UN slams Beijing over National Security Law; urges them to withdraw

WION New Delhi, Delhi, India Jun 29, 2020, 10.57 PM(IST) Edited By: Palki Sharma

A demonstrator waves a flag during a rally to show support for Hong Kong pro-democracy protests at Free Square in Taipei on June 13, 2020. Photograph:( AFP )

Story highlights

The controversial bill has moved a step closer to take its final form. Hong Kong's freedom is nearing its end. China's top law-making committee discussed the draft law yesterday in Beijing.

UN's experts have slammed China over Hong Kong. Urging Beijing to withdraw the draft National Security Law. But it will be too late before the UN stops China.

The controversial bill has moved a step closer to take its final form. Hong Kong's freedom is nearing its end. China's top law-making committee discussed the draft law yesterday in Beijing.

It could be put to vote and adopted as law in the next few days. Chinese parliament had endorsed the legislation last month. 

It was sent to this standing committee to plug the loophole and make the law as oppressive as possible.

The three-day meet ends on Tuesday. So, the bill could be passed as early as Wednesday.

In two days, Hong Kong could be under the National Security Law.

The people of Hong Kong do not know what is coming. Except that the law is intended to target dissenters and that -- it will override most of their freedoms.

It's so repressive that China has not made the draft public. Hong Kong's pro-China delegates were called to the meet. What they have said to the media over the last 24 hours is chilling. For dissenters -- Hong Kong security law could mean a life sentence. Not 3 to 10 years in prison, as believed earlier.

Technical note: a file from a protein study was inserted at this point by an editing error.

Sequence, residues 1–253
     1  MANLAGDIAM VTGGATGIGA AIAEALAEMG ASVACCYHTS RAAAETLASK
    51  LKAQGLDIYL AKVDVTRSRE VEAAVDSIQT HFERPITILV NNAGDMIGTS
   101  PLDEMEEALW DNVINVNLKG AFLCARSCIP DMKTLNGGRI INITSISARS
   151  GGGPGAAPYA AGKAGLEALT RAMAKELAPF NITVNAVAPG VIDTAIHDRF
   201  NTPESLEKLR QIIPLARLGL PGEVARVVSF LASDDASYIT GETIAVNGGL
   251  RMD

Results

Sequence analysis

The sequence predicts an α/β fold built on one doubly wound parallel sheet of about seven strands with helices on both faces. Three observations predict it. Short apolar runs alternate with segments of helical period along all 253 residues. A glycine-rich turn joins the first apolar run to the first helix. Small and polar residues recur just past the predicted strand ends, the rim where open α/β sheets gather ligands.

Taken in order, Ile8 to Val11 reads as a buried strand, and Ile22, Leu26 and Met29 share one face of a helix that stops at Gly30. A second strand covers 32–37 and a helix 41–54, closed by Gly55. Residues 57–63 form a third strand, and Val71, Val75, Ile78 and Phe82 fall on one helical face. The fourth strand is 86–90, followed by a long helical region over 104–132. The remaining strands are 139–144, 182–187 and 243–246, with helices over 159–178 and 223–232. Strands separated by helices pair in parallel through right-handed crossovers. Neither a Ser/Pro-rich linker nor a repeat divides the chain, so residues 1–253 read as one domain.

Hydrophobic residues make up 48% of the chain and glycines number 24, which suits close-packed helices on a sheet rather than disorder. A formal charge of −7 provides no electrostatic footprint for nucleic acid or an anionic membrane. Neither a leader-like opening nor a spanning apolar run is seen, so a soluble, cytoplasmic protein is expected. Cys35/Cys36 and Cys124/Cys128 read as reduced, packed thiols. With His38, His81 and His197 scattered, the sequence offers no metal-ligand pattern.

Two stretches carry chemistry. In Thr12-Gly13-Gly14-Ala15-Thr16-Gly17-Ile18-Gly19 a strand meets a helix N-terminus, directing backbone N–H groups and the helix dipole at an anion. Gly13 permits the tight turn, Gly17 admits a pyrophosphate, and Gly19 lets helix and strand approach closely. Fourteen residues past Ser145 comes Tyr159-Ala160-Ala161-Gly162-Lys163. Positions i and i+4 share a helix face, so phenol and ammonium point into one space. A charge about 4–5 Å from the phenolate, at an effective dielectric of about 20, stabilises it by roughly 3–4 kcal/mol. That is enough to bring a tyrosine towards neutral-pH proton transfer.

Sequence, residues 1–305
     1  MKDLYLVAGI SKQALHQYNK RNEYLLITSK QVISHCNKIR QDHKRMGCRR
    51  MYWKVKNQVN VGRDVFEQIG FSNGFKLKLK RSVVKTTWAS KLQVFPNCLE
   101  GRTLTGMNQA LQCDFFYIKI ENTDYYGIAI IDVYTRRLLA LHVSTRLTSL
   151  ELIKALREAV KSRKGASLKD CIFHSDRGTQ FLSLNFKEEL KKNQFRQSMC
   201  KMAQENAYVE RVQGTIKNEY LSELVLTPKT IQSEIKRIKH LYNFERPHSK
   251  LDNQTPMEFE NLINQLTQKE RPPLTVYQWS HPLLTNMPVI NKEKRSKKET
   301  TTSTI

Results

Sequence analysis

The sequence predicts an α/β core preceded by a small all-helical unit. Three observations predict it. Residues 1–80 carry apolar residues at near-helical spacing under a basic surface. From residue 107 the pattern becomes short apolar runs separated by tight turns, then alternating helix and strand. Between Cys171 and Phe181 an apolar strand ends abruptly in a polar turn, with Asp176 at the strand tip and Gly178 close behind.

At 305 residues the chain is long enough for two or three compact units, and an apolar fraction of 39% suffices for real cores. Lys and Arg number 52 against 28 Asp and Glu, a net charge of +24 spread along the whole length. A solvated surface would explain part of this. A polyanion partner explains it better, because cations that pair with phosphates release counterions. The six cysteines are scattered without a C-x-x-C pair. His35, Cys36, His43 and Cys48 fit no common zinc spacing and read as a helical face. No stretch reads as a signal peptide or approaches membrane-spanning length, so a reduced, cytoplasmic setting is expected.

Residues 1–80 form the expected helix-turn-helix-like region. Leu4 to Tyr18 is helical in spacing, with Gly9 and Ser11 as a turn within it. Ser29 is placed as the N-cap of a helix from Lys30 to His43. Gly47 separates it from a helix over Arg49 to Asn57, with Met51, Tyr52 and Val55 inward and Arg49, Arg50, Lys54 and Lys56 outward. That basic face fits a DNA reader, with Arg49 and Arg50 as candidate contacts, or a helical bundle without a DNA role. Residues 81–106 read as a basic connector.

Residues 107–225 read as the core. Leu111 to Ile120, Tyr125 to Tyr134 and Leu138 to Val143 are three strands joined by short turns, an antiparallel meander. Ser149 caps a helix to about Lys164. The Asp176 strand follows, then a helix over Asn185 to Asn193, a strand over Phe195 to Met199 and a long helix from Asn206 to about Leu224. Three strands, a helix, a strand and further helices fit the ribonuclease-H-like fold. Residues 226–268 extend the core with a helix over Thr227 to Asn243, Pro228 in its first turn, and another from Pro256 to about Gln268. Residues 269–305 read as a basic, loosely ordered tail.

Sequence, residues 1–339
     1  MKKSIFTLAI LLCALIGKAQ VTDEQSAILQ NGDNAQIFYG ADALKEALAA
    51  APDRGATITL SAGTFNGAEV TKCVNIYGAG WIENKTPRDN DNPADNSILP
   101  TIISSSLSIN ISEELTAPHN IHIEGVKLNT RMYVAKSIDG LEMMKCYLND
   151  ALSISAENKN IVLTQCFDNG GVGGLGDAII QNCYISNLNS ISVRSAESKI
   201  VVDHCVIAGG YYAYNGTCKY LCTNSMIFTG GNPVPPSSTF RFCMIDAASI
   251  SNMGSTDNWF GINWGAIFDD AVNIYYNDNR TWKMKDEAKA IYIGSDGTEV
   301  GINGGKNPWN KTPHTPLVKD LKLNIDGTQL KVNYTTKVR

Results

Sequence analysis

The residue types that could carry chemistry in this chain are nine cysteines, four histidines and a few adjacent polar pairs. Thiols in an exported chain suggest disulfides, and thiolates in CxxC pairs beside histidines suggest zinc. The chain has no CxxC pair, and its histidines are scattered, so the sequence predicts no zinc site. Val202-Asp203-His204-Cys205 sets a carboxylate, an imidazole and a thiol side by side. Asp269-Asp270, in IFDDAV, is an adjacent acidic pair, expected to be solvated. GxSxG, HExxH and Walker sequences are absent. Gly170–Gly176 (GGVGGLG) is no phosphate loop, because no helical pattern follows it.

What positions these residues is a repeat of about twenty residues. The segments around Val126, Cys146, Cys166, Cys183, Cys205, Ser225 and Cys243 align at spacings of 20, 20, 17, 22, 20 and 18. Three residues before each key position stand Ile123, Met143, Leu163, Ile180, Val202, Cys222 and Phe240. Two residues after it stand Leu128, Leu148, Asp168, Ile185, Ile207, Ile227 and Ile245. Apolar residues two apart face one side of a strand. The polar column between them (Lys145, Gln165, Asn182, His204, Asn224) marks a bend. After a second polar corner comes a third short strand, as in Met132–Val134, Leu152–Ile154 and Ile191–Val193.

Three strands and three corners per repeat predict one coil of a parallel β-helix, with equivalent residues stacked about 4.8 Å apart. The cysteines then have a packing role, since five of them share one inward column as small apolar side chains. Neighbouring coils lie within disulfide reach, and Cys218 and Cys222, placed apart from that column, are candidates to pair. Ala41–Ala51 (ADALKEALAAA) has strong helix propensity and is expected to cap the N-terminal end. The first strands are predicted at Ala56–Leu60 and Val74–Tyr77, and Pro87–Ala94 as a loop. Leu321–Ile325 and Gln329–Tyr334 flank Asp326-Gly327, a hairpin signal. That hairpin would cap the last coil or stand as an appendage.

The legislation could be applied retroactively.
 
Protests erupted in Hong Kong as soon as the standing committee began its meeting in Beijing. At least 53 people were arrested.

The Hong Kong police fired tear gas and pepper spray at many peaceful protests across the city.

In a few days, the situation could turn worse. But, help is arriving for Hong Kong's residents. Taiwan is welcoming people of Hong Kong with open arms.
 
It will open a special office on Wednesday.

Taiwan's President Tsai Ing-wen has said necessary expenses will be covered and Taiwan will be a haven especially for hong kong activists seeking political asylum.

This move will surely anger China. But Taiwan's Tsai Ing-wen is clear about her responsibility to protect democracy in the region. It's not just Taiwan that has come to Hong Kong's rescue.

British prime minister Boris Johnson, who engineered the Brexit -- is ready to go against his voter base to give asylum to Hong Kongers.

He has pledged to admit 3 million people, who hold a British overseas passport. A group of UK ministers had even called for an international monitor group over the proposed law in Hong Kong.

The UK is standing up to China. Hong Kong needs support. Even if it is arising out of rare British guilt for handing over hong kong to the Chinese in 1997.

Over the weekend, the US stepped up its pressure on China. Once it got the clearance from the senate. The US imposed visa restrictions on current and former Chinese officials.

US secretary of state Mike Pompeo said: "President Trump promised to punish the Chinese Communist Party (CCP) officials who were responsible for eviscerating hong kong’s freedoms.  Today, we are taking action to do just that."

Particularly those who have contributed to the stifling of Hong Kong's freedom.

These visa sanctions are not as severe as economic sanctions, but it sends a message to Beijing.

Bejing got the message and retaliated with a tit-for-tat move. Now, China will impose visa restrictions on US officials. China has warned the US From imposing any kind of sanctions.

Pompeo says in the interest of preserving free societies, the US and its European partners must awaken to China's challenge. 

The people of Hong Kong do not have much time. The new security law is coming. It could spell the end of freedom in Hong Kong.